I can walk!


From The Courier, of 20th September, 1813, we have the following testimonial. Which – although not embedded within an advertisement block (they didn’t really have that kind of demarcation back then) – may well have turned up in other issues of that newspaper. The text of it follows the image.

There are a number of points of interest, should you ever wish to mimic news articles of the period. One must be careful not to go by a single newspaper as some of the conventions may be not so much of the period as of the house style of the particular newspaper. For instance, wherever a street name is printed, the nominal part is capitalised (as we do today) but the ‘path’ part (for want of a better term to denote a general street, lane, boulevard, road, etc) is uncapitalised and appended with a hyphen. Thus Blackfriar’s-bridge, Great Surrey-street, Maid-lane. You can almost hear the emphasis on the Maid and the lack of interest in its laney aspect. Is this indeed how these addresses were pronounced? Or is this just a convention adopted by The Courier Had this habit persisted, we’d now be talking about Picadilly-circus, Times-square, Marble-arch and even, presumably, Pall-mall.

Secondly, it’s reasonably safe to say that hyphenation is not an issue for a particular newspaper to make up its own mind on. That the word head-ache is hyphenated is going to be universally because of its usage at the time and not because this particular newspaper wasn’t having any truck with that new-fangled (shouldn’t that be newfangled by now?) sloppiness adopted by The Gazette over the road. In 1813 you’d be seeing hyphenation all over the place where it just seems odd today. There’d be tooth-ache, steam-ship, i-Phone, etc.

OK. Maybe not i-Phone.

Then there’s the spelling. By the early nineteenth century we were pretty much there. The spelling back then is indistinguishable from the spelling now, save the occasional exception such as compleat (though in this case that spelling may be more to do with the writer than the age in which he is writing). Twenty or so years earlier you’d have found many more words with old-fashioned spellings.

Typographically, there’s little to indicate we’re not reading a modern newspaper. But this is house-style. The Times, at this time, is still using that ct with the hook connecting the tops of the c and the t (for which HTML admits no entity). However, our newspaper here has eschewed such quaintnesses for a more modern (and easier) approach to typesetting. Again, only twenty or so years earlier – less than a generation – eighteenth century newspapers looked so, well, eighteenth century. You’d know an eighteenth century newſpaper by the conſpicuouſness of its eſſes.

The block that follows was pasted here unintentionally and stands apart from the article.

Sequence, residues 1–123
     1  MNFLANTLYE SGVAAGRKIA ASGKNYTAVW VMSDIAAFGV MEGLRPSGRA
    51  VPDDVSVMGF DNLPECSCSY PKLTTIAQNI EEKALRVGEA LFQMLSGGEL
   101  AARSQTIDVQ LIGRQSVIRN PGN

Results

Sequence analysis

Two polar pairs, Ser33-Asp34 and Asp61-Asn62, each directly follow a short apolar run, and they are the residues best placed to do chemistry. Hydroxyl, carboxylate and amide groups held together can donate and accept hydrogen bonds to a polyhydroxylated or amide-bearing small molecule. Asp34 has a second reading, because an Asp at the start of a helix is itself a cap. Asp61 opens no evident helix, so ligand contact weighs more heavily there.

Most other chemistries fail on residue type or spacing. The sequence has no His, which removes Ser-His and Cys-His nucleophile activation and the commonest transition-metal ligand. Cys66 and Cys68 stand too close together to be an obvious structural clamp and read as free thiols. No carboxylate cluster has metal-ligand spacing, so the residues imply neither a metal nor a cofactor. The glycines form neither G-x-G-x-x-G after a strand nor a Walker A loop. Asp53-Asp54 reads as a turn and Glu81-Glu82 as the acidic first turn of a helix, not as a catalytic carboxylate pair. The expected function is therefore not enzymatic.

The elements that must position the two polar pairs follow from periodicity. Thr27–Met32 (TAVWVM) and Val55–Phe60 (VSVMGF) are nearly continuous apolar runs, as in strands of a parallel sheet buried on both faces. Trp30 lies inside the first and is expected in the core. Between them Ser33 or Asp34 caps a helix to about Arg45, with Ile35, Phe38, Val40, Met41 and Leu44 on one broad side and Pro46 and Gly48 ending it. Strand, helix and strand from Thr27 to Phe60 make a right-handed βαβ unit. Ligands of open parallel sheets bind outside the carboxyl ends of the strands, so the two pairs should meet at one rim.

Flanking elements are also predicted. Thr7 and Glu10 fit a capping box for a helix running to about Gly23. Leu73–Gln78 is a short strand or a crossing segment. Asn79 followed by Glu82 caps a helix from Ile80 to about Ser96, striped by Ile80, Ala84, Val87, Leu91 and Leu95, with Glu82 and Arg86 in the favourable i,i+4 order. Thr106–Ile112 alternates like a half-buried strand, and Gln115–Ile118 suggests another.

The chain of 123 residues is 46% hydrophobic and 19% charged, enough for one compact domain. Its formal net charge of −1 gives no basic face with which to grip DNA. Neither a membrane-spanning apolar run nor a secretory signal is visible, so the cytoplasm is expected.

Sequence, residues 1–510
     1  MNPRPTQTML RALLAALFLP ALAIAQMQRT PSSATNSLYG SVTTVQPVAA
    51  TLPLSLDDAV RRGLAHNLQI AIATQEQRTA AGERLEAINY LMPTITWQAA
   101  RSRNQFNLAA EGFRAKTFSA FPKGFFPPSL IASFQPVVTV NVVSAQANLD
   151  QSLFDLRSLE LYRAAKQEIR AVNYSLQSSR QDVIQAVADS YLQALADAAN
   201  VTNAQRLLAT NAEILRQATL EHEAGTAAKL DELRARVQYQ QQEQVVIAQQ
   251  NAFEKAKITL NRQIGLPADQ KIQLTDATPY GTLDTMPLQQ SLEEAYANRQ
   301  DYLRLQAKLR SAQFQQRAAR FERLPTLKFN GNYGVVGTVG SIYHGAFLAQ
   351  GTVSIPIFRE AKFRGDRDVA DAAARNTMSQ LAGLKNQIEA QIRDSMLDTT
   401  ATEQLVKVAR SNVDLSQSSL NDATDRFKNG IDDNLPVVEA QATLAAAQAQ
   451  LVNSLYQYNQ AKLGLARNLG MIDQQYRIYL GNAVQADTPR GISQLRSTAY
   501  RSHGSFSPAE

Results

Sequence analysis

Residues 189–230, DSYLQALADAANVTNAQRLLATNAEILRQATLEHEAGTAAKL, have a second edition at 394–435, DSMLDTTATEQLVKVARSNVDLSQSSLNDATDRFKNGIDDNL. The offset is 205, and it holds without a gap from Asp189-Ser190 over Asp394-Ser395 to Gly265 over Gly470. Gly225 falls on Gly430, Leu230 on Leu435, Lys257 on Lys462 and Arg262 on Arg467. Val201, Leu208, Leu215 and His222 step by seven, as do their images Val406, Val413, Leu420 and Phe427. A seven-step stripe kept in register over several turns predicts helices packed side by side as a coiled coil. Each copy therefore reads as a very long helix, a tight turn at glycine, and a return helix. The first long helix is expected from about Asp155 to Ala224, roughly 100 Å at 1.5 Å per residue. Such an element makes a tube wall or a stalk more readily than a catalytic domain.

Anyway, enjoy the miracle cure. Do try not to laugh at the ‘notwithstanding [geddit? Ed] this, I had no use for my wooden leg‘ bit, and don’t be too disappointed that Guest’s Lotion and Pills aren’t around any more. There are plenty of others to take their place.

Image

Guestonian Medicines.
Case 85.

To Mr. B. Guest, No. 9, Great Surrey-street, foot of Blackfriar’s-bridge
Maid-lane, Borough, Southwark, March 8, 1813.

Dear Sir — When I contemplate on the wonderful cure which your Medicines have performed on me, I feel myself desirous of having it made public as possible.

In the year 1806 I broke my leg two different times in the same week, and it was so badly set as to oblige me to walk with my knee on a wooden leg for six years, the first three of which I tried several of the most eminent Surgeons in London, the last of whom was Mr. Ashley Cooper, until he pronounced me incurable, which was in the year 1809. I then begged of him to cut off my leg; in answer to which he observed, that amputation would be the death of me, therefore he declined this operation. In the year 1812, you having cured my brother of a most distressing head-ache, he recommended me to you: I attended on my wooden leg, when my leg measured one inch and three quarters less than the other — it was cold as ice, and had been so for the last five years. Notwithstanding this, I had no use for my wooden leg on the second day. The sixth day I finally left off my crutches, being capable of walking with a stick. In about three months I was compleatly cured, and have continued ever since as well and as upright as ever I was. But what seems to me still more strange than this, is, that this leg now measure the same size as my other, nor has it ever been cold since the first week of using your Lotion and taking your Pills. My singular case is well known to nearly all the people in Henley on Thames, and to more than a thousand people residing within a quarter of a mile from your house, where I live; and be assured it can never be forgot by me so long as I am capable of  recollection; and am dear Sir, your humble servant,
No. 42, Maid-lane. William Bowling.
(Case 86 in a future Paper.)

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